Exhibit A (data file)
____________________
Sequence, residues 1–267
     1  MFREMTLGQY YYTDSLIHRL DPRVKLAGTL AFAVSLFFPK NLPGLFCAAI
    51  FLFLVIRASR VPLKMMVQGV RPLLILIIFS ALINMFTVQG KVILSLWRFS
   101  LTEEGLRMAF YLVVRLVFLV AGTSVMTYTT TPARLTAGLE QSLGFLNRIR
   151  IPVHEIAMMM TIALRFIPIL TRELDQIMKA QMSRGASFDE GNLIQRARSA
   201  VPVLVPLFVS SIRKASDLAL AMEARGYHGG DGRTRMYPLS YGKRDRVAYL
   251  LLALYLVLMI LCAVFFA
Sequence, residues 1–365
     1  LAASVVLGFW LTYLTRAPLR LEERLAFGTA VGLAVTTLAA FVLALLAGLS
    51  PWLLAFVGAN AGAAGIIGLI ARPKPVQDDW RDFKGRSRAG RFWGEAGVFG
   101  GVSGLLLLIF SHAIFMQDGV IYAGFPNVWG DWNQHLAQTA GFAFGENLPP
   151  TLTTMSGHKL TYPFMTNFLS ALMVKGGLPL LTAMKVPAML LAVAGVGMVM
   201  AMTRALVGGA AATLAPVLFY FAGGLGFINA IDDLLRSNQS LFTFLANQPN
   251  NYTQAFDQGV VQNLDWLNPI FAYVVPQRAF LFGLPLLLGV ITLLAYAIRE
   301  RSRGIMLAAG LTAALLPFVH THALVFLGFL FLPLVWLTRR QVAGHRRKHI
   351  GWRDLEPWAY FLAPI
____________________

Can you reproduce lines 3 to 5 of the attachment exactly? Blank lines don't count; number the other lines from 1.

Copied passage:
    51  FLFLVIRASR VPLKMMVQGV RPLLILIIFS ALINMFTVQG KVILSLWRFS
   101  LTEEGLRMAF YLVVRLVFLV AGTSVMTYTT TPARLTAGLE QSLGFLNRIR
   151  IPVHEIAMMM TIALRFIPIL TRELDQIMKA QMSRGASFDE GNLIQRARSA